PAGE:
Americans have decided, as a society, to use taxes to finance some or all of the schooling of children regardless of their parents’ ability to pay tuition at private schools. This creates a potential conflict with the right of parents to control the education of their children. With certain precautions, that conflict can be addressed by allowing tax dollars to follow the child to whatever school his or her parents choose.
Current funding practices empower bureaucracies
About half of the taxes collected for education flow from taxpayers to federal or state departments of education, and from there to local school districts and finally to public schools and teachers. Local property taxes typically go to local school districts or to state agencies for redistribution to “property poor” school districts. Because of bureaucracy, two of every five tax dollars raised for schools do not even make it to the classroom (Bonsteel and Brodt 2000).
This system concentrates authority in the hands of small groups of largely unelected officials, often far removed from the classroom. Over time, this system has become heavily bureaucratic, wasteful, and resistant to change (Tyack 1974). Funding follows a different set of rules in the private school sector. There, parents pay tuition directly to the educators they choose for their children, so funds automatically follow the child. The freedom to choose motivates parents to study their choices closely and let educators know what kinds of schools they want. Competition for tuition leads educators to modify and improve their offerings, and unnecessary and expensive bureaucracies are not tolerated.
Funding should follow the student
The way public schools are funded can be made to more closely resemble private school funding by requiring that tax dollars follow the student to the school chosen by his or her parents or guardians. Two ways to do this are choice scholarships (or “vouchers”) and tuition tax credits.
Under a voucher plan, parents are allowed to choose the schools they consider best for their children and receive tax-funded vouchers or certificates good for tuition (up to some set amount) at participating schools (Walberg and Bast 2003, Hakim et al. 1994, Friedman and Friedman 1980). Schools then compete for students. The worth of the voucher, which schools may participate in the program, and what kinds of regulations should be imposed on participating schools are choices to be made during the school choice program’s design process. (See the principles below for specific legislative suggestions.)
The second way is to provide tax relief to parents who pay tuition to private schools or to individuals and corporations who make donations to pay for private school tuition (Olsen and Brouillette 2000, Anderson et al. 1997). Illinois, Iowa, and Minnesota have laws that allow taxpayers to get back from their state governments some part of the amount they spend on private school tuition. Arizona, Florida, and Pennsylvania offer tax credits to corporations and individuals who finance scholarships for children from low-income families.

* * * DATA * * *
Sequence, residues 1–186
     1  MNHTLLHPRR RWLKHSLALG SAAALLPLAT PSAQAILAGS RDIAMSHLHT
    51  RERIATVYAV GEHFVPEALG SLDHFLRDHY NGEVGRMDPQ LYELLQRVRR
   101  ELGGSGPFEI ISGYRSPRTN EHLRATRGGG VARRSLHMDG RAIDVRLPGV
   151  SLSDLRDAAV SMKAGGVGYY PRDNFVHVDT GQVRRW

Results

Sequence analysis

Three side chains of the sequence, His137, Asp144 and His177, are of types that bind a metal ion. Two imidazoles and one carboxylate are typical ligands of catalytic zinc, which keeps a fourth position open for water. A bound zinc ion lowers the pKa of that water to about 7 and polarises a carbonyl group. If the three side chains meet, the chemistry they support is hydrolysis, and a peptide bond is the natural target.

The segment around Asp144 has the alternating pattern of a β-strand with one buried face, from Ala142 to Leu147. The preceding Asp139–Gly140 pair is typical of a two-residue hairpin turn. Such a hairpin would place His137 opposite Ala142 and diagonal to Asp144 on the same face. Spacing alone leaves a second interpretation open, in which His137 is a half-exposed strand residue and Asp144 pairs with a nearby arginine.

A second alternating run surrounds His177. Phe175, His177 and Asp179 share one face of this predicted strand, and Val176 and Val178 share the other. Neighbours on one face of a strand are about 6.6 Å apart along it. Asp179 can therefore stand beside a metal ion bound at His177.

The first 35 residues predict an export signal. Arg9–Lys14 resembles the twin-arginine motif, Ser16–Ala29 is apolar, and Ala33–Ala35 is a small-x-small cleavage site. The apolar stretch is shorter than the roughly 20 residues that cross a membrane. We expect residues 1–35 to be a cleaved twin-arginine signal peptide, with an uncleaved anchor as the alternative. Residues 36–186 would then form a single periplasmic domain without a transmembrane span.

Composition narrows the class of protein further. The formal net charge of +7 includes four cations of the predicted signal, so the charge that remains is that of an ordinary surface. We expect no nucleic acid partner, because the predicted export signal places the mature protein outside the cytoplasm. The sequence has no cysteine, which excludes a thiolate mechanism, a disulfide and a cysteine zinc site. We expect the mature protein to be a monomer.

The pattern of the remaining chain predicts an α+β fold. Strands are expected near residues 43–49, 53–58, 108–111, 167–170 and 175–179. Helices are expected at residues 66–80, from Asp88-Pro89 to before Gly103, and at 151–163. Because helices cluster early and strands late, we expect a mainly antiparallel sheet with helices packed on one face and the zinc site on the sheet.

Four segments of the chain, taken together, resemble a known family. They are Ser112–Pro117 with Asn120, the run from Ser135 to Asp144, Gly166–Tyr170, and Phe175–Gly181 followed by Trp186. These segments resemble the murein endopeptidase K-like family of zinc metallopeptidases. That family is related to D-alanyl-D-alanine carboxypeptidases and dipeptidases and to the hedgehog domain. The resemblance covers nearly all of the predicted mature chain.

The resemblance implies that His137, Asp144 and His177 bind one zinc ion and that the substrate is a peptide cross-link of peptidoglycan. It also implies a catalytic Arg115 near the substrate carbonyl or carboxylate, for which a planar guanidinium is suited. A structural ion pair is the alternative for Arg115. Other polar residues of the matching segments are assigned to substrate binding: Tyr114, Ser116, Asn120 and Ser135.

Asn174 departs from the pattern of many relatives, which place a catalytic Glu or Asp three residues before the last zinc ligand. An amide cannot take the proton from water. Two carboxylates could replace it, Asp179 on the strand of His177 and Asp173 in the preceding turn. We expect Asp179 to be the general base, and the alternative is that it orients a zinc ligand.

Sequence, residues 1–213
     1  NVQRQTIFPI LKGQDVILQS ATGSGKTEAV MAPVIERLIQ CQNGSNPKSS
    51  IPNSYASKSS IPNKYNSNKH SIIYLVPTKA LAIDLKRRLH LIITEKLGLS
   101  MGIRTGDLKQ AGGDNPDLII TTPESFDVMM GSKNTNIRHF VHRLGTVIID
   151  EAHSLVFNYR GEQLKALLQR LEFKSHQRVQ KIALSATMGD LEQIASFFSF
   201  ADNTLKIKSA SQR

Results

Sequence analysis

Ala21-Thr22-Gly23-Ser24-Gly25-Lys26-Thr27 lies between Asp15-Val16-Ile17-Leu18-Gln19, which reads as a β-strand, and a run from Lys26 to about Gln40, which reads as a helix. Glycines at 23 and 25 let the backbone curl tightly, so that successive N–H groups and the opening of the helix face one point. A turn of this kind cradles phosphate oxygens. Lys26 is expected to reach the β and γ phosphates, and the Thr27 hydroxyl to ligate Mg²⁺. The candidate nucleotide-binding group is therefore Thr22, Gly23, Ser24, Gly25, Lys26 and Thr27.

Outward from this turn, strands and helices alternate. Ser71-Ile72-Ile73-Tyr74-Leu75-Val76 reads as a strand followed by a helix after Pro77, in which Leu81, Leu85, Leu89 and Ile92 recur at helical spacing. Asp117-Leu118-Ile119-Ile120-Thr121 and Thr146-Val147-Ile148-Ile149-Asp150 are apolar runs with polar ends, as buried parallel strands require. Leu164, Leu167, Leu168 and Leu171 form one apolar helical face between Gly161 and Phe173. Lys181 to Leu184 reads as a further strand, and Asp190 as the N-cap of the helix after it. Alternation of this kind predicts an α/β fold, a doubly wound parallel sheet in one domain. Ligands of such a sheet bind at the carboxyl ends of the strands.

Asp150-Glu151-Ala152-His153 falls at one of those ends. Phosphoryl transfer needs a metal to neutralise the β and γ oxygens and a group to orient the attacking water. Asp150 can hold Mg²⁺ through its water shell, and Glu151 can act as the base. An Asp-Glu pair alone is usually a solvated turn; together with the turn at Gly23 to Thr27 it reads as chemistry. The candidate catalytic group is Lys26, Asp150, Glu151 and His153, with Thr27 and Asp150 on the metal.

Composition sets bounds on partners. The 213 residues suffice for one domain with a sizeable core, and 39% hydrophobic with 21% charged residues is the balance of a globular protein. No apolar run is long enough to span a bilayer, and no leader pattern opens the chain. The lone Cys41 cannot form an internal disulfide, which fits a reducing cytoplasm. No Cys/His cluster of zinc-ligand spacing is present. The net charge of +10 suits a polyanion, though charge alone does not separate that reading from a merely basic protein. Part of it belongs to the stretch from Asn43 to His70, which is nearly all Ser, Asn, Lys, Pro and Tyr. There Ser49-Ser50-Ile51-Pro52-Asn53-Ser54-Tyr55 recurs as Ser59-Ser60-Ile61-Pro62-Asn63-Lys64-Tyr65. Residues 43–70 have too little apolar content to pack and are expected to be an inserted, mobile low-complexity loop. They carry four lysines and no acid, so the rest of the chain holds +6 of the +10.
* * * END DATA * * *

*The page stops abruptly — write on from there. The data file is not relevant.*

Voucher programs are already widespread
Giving public funds to consumers in the form of vouchers is not a radical idea. Existing voucher programs include food stamps, low-income housing vouchers, the GI Bill and Pell Grants for college students, federal day-care grants, and Social Security (Savas 2000). Social Security, for example, distributes about $400 billion annually to millions of seniors to spend as they wish. The seniors spend their retirement tax dollars on the goods and services of their choice, including donating some to charities, churches, temples, and mosques. Yet there are no complaints that Social Security leads to excessive regulation of stores frequented by seniors or threatens to violate the separation of church and state.
There can be little doubt that the schools parents would choose under a school choice program would be different from those currently funded with tax dollars. The 2004 Phi Delta Kappa International/Gallup Poll found 57 percent of parents with children now attending public schools would send them to private schools if vouchers were available (Clowes 2004c). A survey by Public Agenda (1999) found 55 percent of all parents and 67 percent of inner-city parents of public school students would choose private schools if tuition was not a concern. The Harwood Group (1995) found about 80 percent of African-American families would choose private schools.
For more information on school vouchers and other free-market reforms, read The 10 Principles of Education Policy by The Heartland Institute (PDF).